Hedge fund managers competing for institutional investors are under constant pressure to lower fees. In addition, to keep the manager incentivized even as assets under management rise, investors increasingly seek to prevent the management fee from becoming a profit center for the manager. Consequently, in order to attract capital and satisfy investor demand, hedge fund managers may consider implementing a tiered management fee – either individually with certain investors or as part of their funds’ general offerings. According to a recent Seward & Kissel survey, 19% of funds studied implemented a management fee rate that tiered down to lower rates as assets surpassed certain benchmarks. See “Seward & Kissel New Hedge Fund Study Identifies Trends in Investment Strategies, Fees, Liquidity Terms, Fund Structures and Strategic Capital Arrangements
,” Hedge Fund Law Report, Vol. 8, No. 9 (Mar. 5, 2015). This article, the first in a two-part series, examines the prevalence of tiered management fee structures in the hedge fund industry, the rationale for offering tiered management fees and the elements of tiered management fee structures. The second article will address investor response to tiered management fees and practical considerations for hedge fund managers implementing such structures. For more on management fees, see “Citi Survey Finds Large Drop in Hedge Fund Profitability from 2013 to 2014, Highlighting the Importance of Management Fee Revenue and Its Impact on Product Strategy and Management Company Valuations (Part Two of Two)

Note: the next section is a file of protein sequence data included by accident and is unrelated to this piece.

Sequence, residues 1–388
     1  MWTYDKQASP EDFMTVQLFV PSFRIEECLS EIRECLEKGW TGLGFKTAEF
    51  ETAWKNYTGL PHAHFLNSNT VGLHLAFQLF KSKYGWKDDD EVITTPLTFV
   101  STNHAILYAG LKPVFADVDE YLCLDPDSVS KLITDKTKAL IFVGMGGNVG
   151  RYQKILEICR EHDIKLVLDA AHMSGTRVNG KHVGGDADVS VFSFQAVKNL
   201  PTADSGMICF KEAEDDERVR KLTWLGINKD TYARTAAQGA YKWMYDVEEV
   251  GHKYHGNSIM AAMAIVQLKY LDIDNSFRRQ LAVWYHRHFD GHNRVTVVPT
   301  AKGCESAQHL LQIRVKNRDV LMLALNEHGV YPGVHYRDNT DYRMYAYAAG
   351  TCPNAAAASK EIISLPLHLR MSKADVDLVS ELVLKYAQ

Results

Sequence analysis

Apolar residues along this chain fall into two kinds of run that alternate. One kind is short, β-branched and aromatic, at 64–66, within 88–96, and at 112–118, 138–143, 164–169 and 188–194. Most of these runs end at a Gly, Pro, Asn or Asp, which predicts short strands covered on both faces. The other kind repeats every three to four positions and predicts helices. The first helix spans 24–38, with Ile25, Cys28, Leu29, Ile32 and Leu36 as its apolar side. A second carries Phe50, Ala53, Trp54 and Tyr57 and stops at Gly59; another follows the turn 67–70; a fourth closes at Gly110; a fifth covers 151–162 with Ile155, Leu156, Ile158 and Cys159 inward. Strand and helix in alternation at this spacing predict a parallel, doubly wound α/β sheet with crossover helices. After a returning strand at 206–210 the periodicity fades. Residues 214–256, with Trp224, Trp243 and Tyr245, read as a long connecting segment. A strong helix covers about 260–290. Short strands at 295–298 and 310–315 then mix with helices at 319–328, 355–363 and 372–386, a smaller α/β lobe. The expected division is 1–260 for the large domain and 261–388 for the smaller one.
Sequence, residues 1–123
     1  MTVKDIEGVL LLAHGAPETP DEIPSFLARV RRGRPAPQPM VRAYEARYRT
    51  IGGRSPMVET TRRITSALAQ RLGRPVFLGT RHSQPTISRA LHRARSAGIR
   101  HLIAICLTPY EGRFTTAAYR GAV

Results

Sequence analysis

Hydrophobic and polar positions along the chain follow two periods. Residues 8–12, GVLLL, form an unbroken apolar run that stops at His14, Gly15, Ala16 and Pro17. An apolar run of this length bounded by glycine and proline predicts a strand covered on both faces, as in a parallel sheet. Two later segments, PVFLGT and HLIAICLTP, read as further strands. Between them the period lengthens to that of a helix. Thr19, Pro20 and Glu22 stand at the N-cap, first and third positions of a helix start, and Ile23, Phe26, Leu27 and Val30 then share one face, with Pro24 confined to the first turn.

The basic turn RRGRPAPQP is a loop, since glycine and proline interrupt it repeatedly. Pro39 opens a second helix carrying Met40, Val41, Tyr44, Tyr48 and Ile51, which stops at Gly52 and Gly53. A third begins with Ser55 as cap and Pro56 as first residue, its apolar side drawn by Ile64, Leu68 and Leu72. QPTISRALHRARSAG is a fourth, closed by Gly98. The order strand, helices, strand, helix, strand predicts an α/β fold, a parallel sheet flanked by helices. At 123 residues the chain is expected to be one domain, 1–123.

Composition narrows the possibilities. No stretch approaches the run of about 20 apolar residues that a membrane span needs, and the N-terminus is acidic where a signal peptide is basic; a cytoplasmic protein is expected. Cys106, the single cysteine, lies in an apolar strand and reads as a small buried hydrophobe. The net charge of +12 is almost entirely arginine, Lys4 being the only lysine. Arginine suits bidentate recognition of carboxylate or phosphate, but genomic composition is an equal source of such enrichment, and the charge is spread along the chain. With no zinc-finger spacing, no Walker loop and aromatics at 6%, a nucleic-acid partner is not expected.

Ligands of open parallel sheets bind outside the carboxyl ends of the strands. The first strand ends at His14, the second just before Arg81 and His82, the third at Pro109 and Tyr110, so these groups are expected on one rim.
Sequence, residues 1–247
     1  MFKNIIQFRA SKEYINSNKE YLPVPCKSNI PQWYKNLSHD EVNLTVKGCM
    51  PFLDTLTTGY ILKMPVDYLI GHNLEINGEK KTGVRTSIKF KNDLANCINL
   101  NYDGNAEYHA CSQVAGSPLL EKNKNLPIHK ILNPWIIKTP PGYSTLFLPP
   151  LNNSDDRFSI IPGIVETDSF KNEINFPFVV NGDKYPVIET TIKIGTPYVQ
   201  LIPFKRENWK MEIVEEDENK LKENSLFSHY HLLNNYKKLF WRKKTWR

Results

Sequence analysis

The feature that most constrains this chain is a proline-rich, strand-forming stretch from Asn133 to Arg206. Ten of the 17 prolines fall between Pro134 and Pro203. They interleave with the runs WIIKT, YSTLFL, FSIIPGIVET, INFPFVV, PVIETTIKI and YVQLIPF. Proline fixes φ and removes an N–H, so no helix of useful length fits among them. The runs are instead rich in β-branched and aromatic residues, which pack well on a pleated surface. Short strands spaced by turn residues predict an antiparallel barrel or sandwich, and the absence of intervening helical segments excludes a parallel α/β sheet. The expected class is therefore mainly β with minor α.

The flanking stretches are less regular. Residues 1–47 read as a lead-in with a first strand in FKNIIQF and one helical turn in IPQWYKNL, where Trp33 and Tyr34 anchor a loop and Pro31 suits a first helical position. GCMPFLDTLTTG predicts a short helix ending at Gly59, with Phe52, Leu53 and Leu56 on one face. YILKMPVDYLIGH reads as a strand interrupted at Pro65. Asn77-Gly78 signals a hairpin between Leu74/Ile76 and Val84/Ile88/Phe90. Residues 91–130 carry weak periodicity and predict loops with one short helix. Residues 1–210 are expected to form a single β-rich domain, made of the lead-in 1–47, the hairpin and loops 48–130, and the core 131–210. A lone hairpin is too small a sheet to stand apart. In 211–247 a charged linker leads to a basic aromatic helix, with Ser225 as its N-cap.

,” Hedge Fund Law Report, Vol. 8, No. 7 (Feb. 19, 2015); and “Eight Refinements of the Traditional ‘2 and 20’ Hedge Fund Fee Structure That Can Powerfully Impact Manager Compensation and Investor Returns
,” Hedge Fund Law Report, Vol. 4, No. 17 (May 20, 2011).